A blue heron rose from the edge of the lake and circled it once in hopes of spotting a suitable fish. Finding none, he sailed off over the treetops to try his luck elsewhere. The majestic bird is not unique to California -- we have them back East, too. But you don't see one every day, and he is worth stopping whatever it is you're doing to gaze.
So were the two road-runners I saw when I arrived here. Now there's a bird we don't have at home -- the two of them sprinted through the parking lot as I was finding my room, and again I had to stop what I was doing and watch until they were out of sight. You guys used to be dinosaurs, I said to them, did you know that? But they ignored me: birds live in the moment. Don't know and don't care about what used to be.*
They are not like us. We cling passionately to what once was, cling to it even if we hated it. We'll choose a familiar despair over an unexpected hope any day. We have a hard time imagining the world as anything other than what it has always been, ourselves as more than we are right now. We go further: we think our own limits are everybody's limits, that no one could do or imagine doing what we cannot imagine doing ourselves. We even think this way of God, cramming the Creator of everything into a box sized to fit our own narrowness, insisting that God cannot do what we cannot imagine. Each of us sits in the prison cell of her own small history, and we can't see out.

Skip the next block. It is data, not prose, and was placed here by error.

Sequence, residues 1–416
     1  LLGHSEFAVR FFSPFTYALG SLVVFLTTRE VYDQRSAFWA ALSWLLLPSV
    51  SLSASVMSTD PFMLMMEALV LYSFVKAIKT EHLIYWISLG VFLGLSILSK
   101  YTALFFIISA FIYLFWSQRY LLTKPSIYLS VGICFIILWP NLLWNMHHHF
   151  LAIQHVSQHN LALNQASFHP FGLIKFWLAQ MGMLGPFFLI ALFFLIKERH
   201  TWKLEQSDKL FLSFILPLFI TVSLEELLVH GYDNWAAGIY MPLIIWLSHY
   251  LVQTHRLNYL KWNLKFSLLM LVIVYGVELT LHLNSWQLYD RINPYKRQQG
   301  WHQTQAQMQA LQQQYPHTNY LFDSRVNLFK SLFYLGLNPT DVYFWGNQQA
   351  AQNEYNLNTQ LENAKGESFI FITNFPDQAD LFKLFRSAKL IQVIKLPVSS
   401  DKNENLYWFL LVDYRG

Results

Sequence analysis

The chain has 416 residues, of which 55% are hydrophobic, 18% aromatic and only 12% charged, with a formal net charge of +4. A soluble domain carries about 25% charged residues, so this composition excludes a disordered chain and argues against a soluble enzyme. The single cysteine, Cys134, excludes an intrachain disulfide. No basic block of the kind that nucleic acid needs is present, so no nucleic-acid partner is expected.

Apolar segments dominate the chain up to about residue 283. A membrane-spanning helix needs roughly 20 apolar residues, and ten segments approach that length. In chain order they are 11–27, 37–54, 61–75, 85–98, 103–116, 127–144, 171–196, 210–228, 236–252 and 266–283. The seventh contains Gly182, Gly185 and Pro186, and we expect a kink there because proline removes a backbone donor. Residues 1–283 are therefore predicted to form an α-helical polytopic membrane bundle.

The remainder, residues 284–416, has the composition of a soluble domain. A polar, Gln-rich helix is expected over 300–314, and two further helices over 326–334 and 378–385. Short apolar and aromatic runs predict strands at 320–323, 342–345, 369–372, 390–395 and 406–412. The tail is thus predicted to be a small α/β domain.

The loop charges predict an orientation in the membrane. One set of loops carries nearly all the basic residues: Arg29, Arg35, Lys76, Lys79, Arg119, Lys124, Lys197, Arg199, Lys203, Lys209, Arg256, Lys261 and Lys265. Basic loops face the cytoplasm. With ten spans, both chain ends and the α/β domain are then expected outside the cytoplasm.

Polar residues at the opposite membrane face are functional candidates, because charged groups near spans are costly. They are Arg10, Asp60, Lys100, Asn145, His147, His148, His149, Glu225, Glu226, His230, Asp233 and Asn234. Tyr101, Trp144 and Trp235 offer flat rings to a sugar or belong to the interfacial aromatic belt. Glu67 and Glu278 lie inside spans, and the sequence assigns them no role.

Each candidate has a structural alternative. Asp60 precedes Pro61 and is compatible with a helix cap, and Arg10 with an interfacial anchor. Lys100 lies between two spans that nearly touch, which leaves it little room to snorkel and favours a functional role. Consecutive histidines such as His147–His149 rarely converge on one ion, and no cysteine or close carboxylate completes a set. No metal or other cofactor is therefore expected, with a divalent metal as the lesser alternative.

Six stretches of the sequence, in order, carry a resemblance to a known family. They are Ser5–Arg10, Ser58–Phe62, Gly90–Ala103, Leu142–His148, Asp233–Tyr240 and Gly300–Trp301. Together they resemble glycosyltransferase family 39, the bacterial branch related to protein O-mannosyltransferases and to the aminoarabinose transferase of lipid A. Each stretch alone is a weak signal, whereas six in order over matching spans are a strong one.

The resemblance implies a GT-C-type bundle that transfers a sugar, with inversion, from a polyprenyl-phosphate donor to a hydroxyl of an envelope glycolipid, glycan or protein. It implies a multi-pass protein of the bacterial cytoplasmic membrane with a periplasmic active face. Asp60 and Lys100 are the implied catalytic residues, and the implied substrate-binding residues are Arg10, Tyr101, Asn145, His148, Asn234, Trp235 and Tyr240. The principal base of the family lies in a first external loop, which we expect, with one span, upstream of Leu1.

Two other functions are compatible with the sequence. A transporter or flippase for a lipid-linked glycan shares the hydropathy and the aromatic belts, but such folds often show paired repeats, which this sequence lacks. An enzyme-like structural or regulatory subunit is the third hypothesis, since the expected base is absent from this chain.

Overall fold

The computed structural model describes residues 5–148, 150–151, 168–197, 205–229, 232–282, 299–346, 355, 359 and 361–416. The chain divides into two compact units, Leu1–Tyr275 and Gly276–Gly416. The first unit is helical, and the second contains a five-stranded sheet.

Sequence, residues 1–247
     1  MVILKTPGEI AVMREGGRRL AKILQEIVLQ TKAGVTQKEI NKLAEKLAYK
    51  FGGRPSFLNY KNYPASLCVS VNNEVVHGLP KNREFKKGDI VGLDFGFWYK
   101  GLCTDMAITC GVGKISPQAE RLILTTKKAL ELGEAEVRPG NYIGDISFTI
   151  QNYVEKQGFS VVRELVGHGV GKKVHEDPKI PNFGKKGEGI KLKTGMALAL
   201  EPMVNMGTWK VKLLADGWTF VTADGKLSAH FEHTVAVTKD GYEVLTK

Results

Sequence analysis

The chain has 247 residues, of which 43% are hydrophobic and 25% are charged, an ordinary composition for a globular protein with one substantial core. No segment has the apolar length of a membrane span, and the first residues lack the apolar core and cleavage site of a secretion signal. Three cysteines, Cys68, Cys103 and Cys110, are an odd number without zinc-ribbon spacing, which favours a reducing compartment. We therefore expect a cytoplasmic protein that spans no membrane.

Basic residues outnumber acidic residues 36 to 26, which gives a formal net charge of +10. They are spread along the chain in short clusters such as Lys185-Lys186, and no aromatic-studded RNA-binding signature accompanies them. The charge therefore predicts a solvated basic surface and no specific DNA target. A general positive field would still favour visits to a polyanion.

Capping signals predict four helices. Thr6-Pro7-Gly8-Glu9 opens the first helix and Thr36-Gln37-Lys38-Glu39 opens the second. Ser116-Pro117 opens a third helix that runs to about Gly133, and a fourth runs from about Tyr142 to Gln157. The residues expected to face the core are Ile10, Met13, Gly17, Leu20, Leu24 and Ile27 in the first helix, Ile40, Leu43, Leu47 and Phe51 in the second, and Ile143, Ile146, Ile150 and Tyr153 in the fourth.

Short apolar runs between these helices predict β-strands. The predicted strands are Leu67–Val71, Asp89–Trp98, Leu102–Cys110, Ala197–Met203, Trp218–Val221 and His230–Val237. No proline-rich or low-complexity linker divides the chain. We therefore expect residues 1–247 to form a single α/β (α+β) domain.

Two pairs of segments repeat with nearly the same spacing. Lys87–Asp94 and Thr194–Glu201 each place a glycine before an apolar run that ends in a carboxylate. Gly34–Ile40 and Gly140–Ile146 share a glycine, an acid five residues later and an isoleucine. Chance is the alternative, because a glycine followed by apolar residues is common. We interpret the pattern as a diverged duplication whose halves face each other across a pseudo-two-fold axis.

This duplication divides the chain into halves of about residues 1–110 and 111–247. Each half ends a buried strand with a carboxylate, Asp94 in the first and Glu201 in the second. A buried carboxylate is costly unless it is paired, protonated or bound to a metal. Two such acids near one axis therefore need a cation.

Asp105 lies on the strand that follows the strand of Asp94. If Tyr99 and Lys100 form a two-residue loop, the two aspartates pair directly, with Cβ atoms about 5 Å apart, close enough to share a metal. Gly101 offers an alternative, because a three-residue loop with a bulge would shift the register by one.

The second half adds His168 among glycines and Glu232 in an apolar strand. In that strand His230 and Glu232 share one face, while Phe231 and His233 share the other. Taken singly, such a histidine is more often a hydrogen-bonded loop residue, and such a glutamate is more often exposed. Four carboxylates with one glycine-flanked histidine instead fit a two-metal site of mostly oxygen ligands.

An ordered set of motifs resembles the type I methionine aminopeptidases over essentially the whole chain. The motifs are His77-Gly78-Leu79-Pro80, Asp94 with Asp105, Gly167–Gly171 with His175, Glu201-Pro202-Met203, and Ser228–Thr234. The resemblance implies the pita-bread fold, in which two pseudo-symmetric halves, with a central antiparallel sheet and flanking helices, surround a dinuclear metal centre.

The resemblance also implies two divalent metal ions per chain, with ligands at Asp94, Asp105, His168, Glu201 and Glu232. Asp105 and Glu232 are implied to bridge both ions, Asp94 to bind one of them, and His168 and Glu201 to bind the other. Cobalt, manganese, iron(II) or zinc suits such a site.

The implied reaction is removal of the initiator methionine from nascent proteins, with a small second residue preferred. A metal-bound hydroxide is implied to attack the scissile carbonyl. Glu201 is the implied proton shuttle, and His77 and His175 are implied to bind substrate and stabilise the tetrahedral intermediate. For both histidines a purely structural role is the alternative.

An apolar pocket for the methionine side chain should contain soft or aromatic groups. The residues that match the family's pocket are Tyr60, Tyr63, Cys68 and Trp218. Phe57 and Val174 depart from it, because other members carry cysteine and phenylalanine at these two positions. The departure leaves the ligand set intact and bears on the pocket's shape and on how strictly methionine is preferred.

But sometimes we transcend ourselves. We are the animals who look at themselves, the ones who write poems and songs about our own lives. Sometimes we look at ourselves and decide that we want to see something beyond what stares back at us from our mirrors. Inch by terrified inch, our hearts in our throats, we venture forth into territory that is new to us. Sometimes.
Certainly, the past is not our enemy. It is the place from which we emerged, our childhood home. We would not be who we are without it. But we no longer live there. The world has turned, and we have turned with it. Not everything that served us then serves us now. Whether with gratitude or with relief, we turn the page and start a new one.
*Or do they? Year after year, my hummingbirds return to the feeders in our garden -- they remember them. It is even theorized that they can transmit such memories to their offspring, so that it might be the case that the hummingbird at our feeder whom I think is Ethel Merman is really her daughter, Giulietta Massina,* informed by her late mother that life is good on the Farm and that she should make herself at home there.
If you are new to the Geranium Farm, you may not know that all hummingbirds are deceased movie stars. I personally have entertained Ethel Merman, Giulietta Massina and W.C. fields at my feeders. I have some small expertise in this area. If you would like my help in identifying your hummingbird, just reply to this email and describe him or her. I'll do my best to tell you who you've got.